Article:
Nelson Ascher of Europundits has posted an excellent essay on why Zionism isn't a classic nationalist movement, but rather a late-period reaction to exclusionary nationalisms - specifically, in Herzl's case, the Dreyfuss Affair.
Personally, I wonder at his assertion that there may not be any such thing as a "Palestinian people". The hostile pseudo-Judaizing fashion in which non-Palestinian Arabs treat Palestinian Arabs seems to me to demonstrate a sufficient proof that the rest of the Arab world perceives the Palestinians as "Other", to steal a Saidism. Furthermore, the irrational anti-Semitism of the Palestinian Arabs are no bar against the concept of a Palestinian nationalism; such xenophobias have, historically, been vital elements of the creation of nationalism in a population. The combination of an inability of Palestinians to assimilate in ethnically identical Arab populations, and the adoption of a "Palestinian" identity seems to put the existence of a "Palestinian" people well beyond the realm of reasonable argument.
Update: Porphyrogenitus has, as usual, more to say about the subject. I suppose I ought to extend my remarks by noting that the existence of a "Palestinian" people doesn't dictate the need for a Palestinian nation-state, nor does it require the forced Czechoslovakization of Israel into a Judean chimera. The Czechs and the Slovaks didn't even get along that badly - you never heard of Slovaks gunning down Czechs in cafes, or Czech aircraft bombing Slovakian terror cells. Given the recognition of a distinct "Palestinian" people and a working Israeli nation, what fool would voluntarily shove both cats into the same sack?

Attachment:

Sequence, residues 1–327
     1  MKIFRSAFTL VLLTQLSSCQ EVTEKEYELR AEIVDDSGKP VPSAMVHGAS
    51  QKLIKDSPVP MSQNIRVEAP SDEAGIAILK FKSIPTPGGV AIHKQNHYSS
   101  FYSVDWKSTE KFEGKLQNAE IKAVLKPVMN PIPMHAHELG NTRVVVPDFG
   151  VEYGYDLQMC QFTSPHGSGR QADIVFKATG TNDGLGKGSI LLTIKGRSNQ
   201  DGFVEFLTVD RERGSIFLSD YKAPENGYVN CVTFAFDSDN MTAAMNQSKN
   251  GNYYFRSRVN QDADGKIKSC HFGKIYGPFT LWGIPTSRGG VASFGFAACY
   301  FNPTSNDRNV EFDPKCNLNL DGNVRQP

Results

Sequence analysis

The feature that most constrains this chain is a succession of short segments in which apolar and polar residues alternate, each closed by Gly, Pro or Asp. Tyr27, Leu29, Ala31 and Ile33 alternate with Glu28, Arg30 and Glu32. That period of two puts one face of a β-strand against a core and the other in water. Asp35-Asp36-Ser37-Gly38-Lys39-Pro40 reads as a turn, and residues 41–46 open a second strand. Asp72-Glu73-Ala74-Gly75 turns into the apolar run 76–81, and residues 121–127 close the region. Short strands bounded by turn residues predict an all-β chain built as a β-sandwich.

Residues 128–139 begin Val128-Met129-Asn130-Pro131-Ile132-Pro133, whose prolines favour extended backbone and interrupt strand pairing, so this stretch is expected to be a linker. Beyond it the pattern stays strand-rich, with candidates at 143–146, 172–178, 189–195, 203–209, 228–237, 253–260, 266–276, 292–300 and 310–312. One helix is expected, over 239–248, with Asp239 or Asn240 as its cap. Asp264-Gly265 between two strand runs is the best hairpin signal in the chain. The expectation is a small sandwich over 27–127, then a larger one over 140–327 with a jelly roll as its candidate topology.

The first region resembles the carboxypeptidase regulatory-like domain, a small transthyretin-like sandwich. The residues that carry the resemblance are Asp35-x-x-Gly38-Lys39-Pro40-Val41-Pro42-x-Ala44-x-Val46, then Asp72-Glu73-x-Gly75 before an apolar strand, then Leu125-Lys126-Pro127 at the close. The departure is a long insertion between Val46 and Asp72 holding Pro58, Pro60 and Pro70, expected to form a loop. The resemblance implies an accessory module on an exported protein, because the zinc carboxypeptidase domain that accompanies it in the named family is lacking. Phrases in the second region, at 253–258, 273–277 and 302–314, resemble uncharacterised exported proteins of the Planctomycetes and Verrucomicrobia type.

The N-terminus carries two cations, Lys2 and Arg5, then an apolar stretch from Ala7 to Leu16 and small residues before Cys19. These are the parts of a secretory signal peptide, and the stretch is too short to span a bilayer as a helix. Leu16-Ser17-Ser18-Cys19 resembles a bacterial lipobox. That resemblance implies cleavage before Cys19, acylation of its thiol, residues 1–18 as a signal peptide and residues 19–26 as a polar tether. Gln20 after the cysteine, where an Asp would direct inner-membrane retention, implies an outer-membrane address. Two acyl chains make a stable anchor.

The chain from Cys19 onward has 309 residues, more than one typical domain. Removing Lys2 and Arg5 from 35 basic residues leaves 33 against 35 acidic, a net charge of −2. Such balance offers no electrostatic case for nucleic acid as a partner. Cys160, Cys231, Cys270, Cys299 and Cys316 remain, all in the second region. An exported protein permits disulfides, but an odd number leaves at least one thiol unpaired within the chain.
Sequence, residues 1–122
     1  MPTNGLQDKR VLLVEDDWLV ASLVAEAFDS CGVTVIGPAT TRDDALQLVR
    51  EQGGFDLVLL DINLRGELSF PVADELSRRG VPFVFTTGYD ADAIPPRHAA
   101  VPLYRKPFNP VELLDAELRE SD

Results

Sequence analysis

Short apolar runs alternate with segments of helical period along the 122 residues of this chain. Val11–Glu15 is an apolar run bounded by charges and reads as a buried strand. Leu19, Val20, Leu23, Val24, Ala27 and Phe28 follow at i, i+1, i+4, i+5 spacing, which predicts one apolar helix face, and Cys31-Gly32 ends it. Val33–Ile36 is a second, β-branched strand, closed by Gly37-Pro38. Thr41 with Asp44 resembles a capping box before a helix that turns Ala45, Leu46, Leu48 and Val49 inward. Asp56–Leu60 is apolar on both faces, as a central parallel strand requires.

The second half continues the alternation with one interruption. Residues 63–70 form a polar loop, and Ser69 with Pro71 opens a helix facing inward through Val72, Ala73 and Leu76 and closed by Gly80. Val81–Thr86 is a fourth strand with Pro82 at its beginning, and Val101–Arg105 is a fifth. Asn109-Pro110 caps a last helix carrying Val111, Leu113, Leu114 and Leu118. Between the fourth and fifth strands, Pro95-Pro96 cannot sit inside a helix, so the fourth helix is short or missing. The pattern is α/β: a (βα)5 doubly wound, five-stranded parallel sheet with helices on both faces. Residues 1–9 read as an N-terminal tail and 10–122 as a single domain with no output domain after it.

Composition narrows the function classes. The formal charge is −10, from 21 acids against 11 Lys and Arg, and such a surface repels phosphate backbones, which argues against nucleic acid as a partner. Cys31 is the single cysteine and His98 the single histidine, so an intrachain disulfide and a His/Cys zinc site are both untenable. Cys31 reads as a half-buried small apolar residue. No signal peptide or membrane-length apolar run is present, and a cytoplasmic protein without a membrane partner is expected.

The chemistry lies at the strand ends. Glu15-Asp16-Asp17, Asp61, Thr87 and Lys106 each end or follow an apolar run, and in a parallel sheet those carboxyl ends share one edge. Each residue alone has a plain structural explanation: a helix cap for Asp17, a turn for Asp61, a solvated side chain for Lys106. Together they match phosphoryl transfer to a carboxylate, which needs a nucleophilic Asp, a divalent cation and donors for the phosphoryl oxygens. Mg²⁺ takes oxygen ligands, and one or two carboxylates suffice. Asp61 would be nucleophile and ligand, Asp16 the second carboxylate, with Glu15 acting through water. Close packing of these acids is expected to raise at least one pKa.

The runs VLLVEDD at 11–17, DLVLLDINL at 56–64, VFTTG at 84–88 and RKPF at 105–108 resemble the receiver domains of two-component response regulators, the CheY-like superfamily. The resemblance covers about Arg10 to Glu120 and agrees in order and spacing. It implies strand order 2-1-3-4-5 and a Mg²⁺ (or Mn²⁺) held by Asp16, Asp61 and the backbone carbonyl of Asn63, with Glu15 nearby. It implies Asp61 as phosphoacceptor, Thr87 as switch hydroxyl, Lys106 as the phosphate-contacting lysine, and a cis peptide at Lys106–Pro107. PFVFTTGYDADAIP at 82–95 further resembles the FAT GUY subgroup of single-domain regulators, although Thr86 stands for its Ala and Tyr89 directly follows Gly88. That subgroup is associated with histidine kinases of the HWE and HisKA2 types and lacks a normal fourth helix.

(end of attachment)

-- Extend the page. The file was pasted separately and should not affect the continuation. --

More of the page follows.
Not that I'm enthused about the current prospects for a two-state solution; the "Palestinian" people are caught between abominable popular political instincts and reprehensible political leaders. A recognition that all possible Palestinian leaders are, to varying degrees, worthless, does not remove the problem itself. Meanwhile, the Israeli insistence on pushing settlement just makes the problem worse.
An imposition of a "one-state" solution will result, inevitably, in Israeli democide and another Islamist tyranny. The current situation will, one day, peter out in a slow-motion Palestinian expulsion. I don't find myself cheering either prospect. Do you?